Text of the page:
What Diane Sawyer Thinks of David Muir's 'World News' Success
by patrick pacheco
David Muir among the satellite dishes on the rooftop of ABC News headquarters in New York. “The energy of the city fuels me,” he says.
When David Muir was a 21-year-old news anchor in his hometown of Syracuse, New York, he frequently found himself frustrated as he worked the phones to get to the bottom of breaking stories. One day, a veteran newsman, overhearing his concerns, swung his chair around and offered some advice: “David, you have to go out there and get the story.”
“He was right,” recalls Muir. “We got into our little news cruiser and headed to the scene. It was a powerful lesson. Anywhere you go, you can find a story. It’s up to you to tell it well.”
For the last couple of decades, Muir has traveled the globe getting those stories and telling them well. He has covered everything from the famine in Somalia (where he faced gunfire) to the uprisings in Cairo’s Tahrir Square to Hurricane Katrina. But it’s not just the on-the-ground reporting that has made Muir, now 40, one of the fastest-rising stars of network news, widely viewed as the likely successor to Diane Sawyer on ABC World News during the week. He’s been a ratings magnet: World News Saturday just had its highest numbers in nine years, and 20/20—where he recently celebrated his first anniversary as cohost—is enjoying its highest viewership in four years. Sawyer attributes part of Muir’s success to his ability, whether he’s reporting from a small town in the USA or from an overseas refugee camp, to establish “an immediate, clear connection to head and heart.”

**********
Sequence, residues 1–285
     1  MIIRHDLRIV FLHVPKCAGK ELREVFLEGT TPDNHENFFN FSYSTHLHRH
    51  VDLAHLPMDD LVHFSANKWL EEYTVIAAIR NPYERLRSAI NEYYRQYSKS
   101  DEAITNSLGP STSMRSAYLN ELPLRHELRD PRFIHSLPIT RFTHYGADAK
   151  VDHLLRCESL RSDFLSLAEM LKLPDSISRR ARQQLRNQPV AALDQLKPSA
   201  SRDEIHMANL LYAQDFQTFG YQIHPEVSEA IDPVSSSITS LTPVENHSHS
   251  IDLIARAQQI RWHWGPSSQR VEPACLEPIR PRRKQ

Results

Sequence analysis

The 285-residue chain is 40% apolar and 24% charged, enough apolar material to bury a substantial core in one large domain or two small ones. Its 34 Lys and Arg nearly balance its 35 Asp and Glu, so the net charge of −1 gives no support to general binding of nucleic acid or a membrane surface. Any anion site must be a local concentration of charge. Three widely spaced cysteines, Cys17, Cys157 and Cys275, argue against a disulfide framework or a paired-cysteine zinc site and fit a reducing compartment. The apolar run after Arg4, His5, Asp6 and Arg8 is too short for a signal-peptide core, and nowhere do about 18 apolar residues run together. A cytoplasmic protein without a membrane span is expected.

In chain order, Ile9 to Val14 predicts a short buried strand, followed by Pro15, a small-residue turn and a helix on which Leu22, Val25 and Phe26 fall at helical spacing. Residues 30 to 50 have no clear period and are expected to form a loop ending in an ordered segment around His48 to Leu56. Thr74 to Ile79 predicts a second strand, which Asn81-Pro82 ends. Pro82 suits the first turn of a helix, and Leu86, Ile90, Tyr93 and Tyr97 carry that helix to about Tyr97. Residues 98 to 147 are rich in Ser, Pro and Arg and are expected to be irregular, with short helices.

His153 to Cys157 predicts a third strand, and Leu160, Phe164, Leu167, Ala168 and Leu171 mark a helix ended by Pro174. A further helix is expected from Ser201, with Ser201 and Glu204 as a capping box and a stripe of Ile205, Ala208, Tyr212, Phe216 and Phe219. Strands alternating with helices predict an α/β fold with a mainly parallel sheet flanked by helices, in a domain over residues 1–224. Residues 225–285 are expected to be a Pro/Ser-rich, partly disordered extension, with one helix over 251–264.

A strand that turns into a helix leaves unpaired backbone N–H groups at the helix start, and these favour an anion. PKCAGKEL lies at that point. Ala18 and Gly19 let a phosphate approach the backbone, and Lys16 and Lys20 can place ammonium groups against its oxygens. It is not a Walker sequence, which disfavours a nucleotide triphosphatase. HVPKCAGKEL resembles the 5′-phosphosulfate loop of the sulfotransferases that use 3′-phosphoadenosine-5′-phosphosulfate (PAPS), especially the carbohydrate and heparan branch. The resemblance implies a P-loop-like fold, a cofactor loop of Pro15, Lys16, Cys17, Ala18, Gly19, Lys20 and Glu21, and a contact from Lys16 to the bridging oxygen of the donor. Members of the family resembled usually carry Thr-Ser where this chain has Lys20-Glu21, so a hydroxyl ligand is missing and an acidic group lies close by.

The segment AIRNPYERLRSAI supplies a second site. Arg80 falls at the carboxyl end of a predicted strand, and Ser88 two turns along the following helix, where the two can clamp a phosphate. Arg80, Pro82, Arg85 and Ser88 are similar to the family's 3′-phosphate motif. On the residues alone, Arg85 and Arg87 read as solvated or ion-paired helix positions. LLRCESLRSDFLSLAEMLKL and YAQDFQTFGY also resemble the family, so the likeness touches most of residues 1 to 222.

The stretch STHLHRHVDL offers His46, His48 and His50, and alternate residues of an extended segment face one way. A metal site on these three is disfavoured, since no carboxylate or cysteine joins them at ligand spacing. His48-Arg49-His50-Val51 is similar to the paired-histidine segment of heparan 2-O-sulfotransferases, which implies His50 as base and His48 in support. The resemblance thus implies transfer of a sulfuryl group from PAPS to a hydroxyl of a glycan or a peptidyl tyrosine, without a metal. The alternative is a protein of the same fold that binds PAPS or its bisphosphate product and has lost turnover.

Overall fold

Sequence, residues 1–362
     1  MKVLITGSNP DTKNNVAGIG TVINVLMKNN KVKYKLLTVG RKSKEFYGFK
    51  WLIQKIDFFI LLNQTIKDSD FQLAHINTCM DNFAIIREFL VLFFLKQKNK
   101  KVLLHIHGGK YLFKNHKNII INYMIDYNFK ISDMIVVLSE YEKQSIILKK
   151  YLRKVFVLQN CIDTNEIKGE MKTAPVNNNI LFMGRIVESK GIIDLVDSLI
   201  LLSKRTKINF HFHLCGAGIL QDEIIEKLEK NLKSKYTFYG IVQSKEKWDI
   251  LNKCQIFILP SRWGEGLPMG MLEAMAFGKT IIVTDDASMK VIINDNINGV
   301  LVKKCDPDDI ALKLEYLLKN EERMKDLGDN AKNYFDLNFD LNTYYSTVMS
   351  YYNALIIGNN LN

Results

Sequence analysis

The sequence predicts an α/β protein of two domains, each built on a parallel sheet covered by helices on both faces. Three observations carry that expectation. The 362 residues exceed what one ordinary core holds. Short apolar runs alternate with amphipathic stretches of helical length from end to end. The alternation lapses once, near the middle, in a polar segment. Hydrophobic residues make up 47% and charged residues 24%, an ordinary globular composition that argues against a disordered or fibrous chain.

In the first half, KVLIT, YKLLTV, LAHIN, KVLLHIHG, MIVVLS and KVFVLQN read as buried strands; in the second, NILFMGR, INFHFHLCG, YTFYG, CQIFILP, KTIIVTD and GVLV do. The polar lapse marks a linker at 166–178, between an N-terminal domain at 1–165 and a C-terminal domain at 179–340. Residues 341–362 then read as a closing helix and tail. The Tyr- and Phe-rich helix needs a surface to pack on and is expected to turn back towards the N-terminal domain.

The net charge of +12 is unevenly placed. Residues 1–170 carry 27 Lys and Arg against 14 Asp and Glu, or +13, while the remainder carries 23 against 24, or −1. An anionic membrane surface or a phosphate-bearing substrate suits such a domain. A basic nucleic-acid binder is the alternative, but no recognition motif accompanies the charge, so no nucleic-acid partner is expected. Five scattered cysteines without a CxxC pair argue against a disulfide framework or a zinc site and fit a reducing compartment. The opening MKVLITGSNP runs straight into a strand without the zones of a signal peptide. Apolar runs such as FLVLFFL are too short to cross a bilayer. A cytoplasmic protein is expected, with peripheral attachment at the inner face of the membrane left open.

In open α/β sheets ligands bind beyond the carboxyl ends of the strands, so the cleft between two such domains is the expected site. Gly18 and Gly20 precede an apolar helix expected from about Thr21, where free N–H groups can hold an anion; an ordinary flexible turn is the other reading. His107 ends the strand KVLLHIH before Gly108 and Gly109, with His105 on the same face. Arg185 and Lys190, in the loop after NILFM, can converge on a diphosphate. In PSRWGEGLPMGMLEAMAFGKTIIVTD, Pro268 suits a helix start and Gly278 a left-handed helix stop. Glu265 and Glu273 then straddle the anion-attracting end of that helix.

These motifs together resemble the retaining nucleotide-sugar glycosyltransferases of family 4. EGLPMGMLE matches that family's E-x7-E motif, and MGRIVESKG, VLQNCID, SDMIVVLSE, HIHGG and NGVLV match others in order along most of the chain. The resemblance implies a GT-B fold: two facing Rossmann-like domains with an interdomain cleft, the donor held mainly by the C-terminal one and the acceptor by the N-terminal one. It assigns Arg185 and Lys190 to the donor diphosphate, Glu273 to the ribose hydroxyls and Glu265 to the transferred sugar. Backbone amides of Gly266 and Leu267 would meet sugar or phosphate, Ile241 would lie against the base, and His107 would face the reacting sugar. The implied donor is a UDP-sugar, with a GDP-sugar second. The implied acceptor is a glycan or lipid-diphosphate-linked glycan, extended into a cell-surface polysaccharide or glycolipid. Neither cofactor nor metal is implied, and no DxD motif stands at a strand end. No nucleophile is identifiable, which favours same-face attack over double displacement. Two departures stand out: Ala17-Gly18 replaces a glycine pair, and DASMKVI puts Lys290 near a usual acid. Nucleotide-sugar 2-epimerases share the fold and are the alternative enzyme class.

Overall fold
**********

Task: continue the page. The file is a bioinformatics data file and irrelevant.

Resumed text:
After Muir’s first full season as cohost of 20/20, the program is having its best viewership in four years.